Student dancer auditions for Juilliard

Senior Matilda Mackey explains the audition process for the Julliard School of Dance. She auditioned in Chicago for a spot at the internationally known college conservatory program.

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UPDATE: On Monday, March 21st, Matilda Mackey received a phone call announcing her acceptance into the Juilliard School.

With an acceptance rate of 6.7 percent, some may be frightened to audition, but Matilda Mackey ’16 is not one of those people. The Juilliard School located in the Lincoln Center in New York City is home to A-list celebrities, boasting successful names such as Emmy-award winner Viola Davis, cello legend Yo-Yo Ma and two-time Oscar nominee Jessica Chastain. For Mackey, this audition is everything she’s been waiting on for six years as she auditioned for the dance school.

“The audition began at one o’clock on a Friday afternoon. We got our numbers and were placed in numerical order across the bar and we began our ballet class,” Mackey said. “After the ballet barre and ballet center, we went outside to wait for the results. They cut about 30-32 people which was a large percentage of people to start with. We began with 50.”

The second round, after ballet, was a modern class.

“It was shorter, but we did a mixture of combinations, moving across the floor, playing with musicality and tempo, arching your back and curves and getting grounded and more loose.”

Juilliard is internationally recognized as one of the best performing arts schools in the world, but that didn’t mean Mackey would be auditioning against strangers.

“There was a girl from my studio, Nolte [Academy of Dance in Iowa City], that was there. Two of my friends that I met at the Juilliard Summer Intensive in 2014 were there. What was really hard for was that only one of my friends and I made it through. The other two people I knew got cut after the first round,” said Mackey.

Aside from group auditions, the process entailed a solo round. Mackey performed a routine she had choreographed herself.

“I was nervous for this because solos are just so intimate and vulnerable, especially if it’s your own choreography,” she said.

After surviving the round of cuts from the solo, she was taught an entirely new combination to be performed in pairs.

“We learned a really fast paced modern choreography… My partner was actually cut after this round which was sad.”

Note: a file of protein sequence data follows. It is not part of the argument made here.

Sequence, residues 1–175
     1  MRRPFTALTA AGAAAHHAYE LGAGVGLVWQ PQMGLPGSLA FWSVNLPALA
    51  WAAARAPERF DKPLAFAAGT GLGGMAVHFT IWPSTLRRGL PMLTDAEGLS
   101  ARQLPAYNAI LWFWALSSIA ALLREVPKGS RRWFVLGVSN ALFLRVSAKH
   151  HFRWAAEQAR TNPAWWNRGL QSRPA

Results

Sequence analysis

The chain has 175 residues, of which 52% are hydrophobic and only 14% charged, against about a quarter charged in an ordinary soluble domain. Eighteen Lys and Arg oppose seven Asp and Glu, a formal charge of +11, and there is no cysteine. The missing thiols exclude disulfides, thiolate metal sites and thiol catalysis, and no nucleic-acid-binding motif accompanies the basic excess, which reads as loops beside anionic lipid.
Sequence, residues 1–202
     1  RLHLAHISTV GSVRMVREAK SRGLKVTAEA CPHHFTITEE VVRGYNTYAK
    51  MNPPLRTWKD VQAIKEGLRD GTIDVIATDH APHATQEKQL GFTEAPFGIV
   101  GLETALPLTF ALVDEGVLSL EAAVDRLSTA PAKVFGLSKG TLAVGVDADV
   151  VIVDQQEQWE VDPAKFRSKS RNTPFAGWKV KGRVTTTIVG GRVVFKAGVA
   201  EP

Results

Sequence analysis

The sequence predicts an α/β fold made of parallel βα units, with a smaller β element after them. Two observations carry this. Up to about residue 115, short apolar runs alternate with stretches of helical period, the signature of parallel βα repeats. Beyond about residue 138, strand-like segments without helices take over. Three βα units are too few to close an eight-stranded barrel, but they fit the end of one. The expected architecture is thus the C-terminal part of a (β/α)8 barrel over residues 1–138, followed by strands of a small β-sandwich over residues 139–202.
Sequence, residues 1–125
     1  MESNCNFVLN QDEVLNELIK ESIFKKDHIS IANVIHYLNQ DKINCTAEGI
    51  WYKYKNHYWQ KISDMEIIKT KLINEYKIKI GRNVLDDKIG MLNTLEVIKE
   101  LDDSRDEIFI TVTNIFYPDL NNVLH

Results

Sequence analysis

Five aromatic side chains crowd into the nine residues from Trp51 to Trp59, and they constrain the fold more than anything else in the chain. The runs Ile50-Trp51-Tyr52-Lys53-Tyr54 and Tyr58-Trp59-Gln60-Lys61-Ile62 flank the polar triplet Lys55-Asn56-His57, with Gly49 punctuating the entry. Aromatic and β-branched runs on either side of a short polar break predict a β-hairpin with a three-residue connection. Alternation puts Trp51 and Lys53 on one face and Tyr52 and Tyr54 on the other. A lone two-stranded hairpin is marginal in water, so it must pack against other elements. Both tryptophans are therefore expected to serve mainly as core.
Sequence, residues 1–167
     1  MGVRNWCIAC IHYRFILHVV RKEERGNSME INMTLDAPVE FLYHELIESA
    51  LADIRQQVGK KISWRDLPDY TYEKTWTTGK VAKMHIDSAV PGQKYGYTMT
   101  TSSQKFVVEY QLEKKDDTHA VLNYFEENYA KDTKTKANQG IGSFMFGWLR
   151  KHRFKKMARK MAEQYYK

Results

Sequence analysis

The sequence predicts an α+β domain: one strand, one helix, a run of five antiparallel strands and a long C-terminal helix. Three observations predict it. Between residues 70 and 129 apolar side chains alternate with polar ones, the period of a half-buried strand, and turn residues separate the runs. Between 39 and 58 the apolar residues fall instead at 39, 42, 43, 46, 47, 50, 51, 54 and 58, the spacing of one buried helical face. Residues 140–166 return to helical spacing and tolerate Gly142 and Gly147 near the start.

Then, after four rounds of dancing and cuts, came the interview.

“It was unique to each person even though they ask everyone similar questions… They asked about two pages of questions. They asked how we work in groups, what we know about Juilliard, what book we read recently, what we enjoy academically and a time we had to overcome an obstacle. The questions were trying to pick up who we are as people instead outside of dancing.”

To prepare for the audition, Mackey says that she treated every class like an audition.

I also kept telling myself to breathe and I told myself that I am a human before I am a dancer.”

— Matilda Mackey '16

“Specifically at the start of this year, I treated every ballet and modern class as if someone was watching me at the whole time. I also did extra modern privates to up my intake of that specific style. They really enabled my muscle memory to pick up on things in a quicker manner. I also kept telling myself to breathe and I told myself that I am a human before I am a dancer.”

It’s easy to imagine that an audition for such a competitive school would be mean-spirited and lacking in kindness, but Mackey disagrees.

“At the end, there were five girls and five guys and we were all sitting around sharing food, talking about where we’re from. It was a really friendly environment. I could picture that becoming the actual class at Juilliard if we were to all get in.”

If you’re considering auditioning for Juilliard or any dance school, Mackey has a few things she wants you to know.

You have the ability to make everything work for yourself. If you persevere and keep your passion and dedication strong, you can achieve anything.”

— Matilda Mackey '16

“I want every young dancer to remember not to take everything too seriously. You have one life to live and there’s no reason why you shouldn’t be the person who makes it through all the cuts or hires for that job you really desire. You have the ability to make everything work for yourself. If you persevere and keep your passion and dedication strong, you can achieve anything.”

Correction: An earlier version of the article said Mackey auditioned in New York City at the school. Mackey auditioned in Chicago.